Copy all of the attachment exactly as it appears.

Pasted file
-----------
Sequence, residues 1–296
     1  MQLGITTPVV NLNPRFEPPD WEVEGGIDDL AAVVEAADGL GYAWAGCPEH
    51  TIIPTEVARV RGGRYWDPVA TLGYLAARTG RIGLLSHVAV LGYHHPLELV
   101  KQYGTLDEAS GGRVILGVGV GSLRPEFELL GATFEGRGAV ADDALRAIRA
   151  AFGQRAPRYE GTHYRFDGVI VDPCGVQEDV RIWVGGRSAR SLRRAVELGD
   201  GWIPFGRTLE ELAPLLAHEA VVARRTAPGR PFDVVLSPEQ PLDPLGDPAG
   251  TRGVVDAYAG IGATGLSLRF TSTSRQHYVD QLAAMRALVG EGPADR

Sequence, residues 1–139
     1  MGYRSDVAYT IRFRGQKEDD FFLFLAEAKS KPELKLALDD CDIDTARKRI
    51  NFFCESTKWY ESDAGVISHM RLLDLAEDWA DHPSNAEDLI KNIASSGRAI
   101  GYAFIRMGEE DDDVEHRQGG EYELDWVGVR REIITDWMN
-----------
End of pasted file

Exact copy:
Sequence, residues 1–296
     1  MQLGITTPVV NLNPRFEPPD WEVEGGIDDL AAVVEAADGL GYAWAGCPEH
    51  TIIPTEVARV RGGRYWDPVA TLGYLAARTG RIGLLSHVAV LGYHHPLELV
   101  KQYGTLDEAS GGRVILGVGV GSLRPEFELL GATFEGRGAV ADDALRAIRA
   151  AFGQRAPRYE GTHYRFDGVI VDPCGVQEDV RIWVGGRSAR SLRRAVELGD
   201  GWIPFGRTLE ELAPLLAHEA VVARRTAPGR PFDVVLSPEQ PLDPLGDPAG
   251  TRGVVDAYAG IGATGLSLRF TSTSRQHYVD QLAAMRALVG EGPADR

Sequence, residues 1–139
     1  MGYRSDVAYT IRFRGQKEDD FFLFLAEAKS KPELKLALDD CDIDTARKRI
    51  NFFCESTKWY ESDAGVISHM RLLDLAEDWA DHPSNAEDLI KNIASSGRAI
   101  GYAFIRMGEE DDDVEHRQGG EYELDWVGVR REIITDWMN